Roads and pipelines across Pakistan and Burma and port construction in countries such as Sri Lanka and Bangladesh. The freight rail link from the central-western city of Chongqing through the restive north-western province of Xinjiang strategically crucial in OBOR terms to central Asia and on to Europe. And others too numerous to mention. In all, the OBOR countries account for (depending on which of the competing interpretations of its parameters you pick) two-thirds of the world's population and a third of its GDP.

China's aim is to spend nearly $1trn of government money and lift the value of its trade with 40 countries to $2.5trn within a decade. It's the biggest act of economic diplomacy since the Marshall Plan, the US-led reconstruction of Europe after the World War II.

Is this really anything new?

There's definitely a sense in which OBOR is a rebranding and reinvigoration of diverse existing efforts, rather than a new idea. But as a piece of rebranding it is at least a simple one, with great historical resonance, which seizes ownership of a global shift in the economic centre of gravity.

In terms of substance, however, OBOR "is like a Christmas tree", Scott Kennedy of the Center for Strategic and International Studies in Washington told the FT: you can hang what you want on it. But no one has done a proper economic analysis and attracting private money will be a core challenge. Another will be relations with Russia: Moscow sees much of central Asia as its own sphere of influence.

The third challenge is even more basic: can it be done? The political and commercial risks of building infrastructure across much of the central Eurasian landmass are vast, and Chinese experience remains limited. Lack of funds is only one of the barriers to building better roads, railways and ports: there are also issues relating to local politics, governance and security. China may have the funds, but there's no guarantee its New Silk Road will prove viable.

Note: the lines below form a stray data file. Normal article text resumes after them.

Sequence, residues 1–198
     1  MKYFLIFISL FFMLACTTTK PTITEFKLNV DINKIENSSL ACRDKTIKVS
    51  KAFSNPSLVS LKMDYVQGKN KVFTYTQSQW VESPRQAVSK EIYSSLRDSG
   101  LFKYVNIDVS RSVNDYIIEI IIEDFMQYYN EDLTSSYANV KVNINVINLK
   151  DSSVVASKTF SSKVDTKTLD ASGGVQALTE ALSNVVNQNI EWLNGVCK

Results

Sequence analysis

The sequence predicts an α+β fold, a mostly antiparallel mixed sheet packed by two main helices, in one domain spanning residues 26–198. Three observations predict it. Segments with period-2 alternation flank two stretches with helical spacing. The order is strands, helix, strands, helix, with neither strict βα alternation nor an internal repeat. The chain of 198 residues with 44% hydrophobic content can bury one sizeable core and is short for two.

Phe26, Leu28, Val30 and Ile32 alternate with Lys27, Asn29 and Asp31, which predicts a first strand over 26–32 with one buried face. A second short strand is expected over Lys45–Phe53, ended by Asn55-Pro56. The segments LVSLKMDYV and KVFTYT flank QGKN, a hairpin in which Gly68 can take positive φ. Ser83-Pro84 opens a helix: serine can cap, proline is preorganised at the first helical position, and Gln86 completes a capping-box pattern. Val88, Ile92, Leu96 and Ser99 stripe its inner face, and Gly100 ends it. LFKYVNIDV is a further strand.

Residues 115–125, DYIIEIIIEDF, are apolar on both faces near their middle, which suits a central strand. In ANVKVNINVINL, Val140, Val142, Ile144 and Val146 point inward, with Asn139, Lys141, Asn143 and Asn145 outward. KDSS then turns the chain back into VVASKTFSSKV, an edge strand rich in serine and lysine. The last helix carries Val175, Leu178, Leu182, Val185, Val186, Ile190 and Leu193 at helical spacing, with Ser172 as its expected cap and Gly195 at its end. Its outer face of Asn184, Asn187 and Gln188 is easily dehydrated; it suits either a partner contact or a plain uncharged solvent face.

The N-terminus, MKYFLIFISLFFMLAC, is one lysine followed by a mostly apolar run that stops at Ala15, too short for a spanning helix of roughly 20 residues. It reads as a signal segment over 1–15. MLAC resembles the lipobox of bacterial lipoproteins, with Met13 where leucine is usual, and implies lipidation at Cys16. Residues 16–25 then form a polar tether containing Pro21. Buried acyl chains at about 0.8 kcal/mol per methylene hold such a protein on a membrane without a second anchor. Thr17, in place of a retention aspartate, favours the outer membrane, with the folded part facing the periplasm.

Japan plans a road block

It's not only China that's keen to boost its economic relationswith post-Soviet central Asia, says Jack Farchy in the FT.Japan's Prime Minister Shinzo Abe was on a whirlwind tourof the region this week in an attempt to drum up businessand counter China's OBOR policy. Japanese industry wasdisheartened by Indonesia's recent decision to go with Chinafor a high-speed rail line; and the nuclear sector is "aghastat Britain's decision to build a nuclear power station withChinese technology".

Now Japan is worried about Chinesedominance in central Asia, say analysts. Despite several dealsannounced during Abe's visit the first by a Japanese leaderin nine years it seems it is right to be worried.

Simon Wilson’s first career was in book publishing, as an economics editor at Routledge, and as a publisher of non-fiction at Random House, specialising in popular business and management books. While there, he published, a bestselling classic of the early days of e-commerce, and The Money or Your Life: Reuniting Work and Joy, an inspirational book that helped inspire its publisher towards a post-corporate, portfolio life.   

Since 2001, he has been a writer for MoneyWeek, a financial copywriter, and a long-time contributing editor at The Week. Simon also works as an actor and corporate trainer; current and past clients include investment banks, the Bank of England, the UK government, several Magic Circle law firms and all of the Big Four accountancy firms. He has a degree in languages (German and Spanish) and social and political sciences from the University of Cambridge.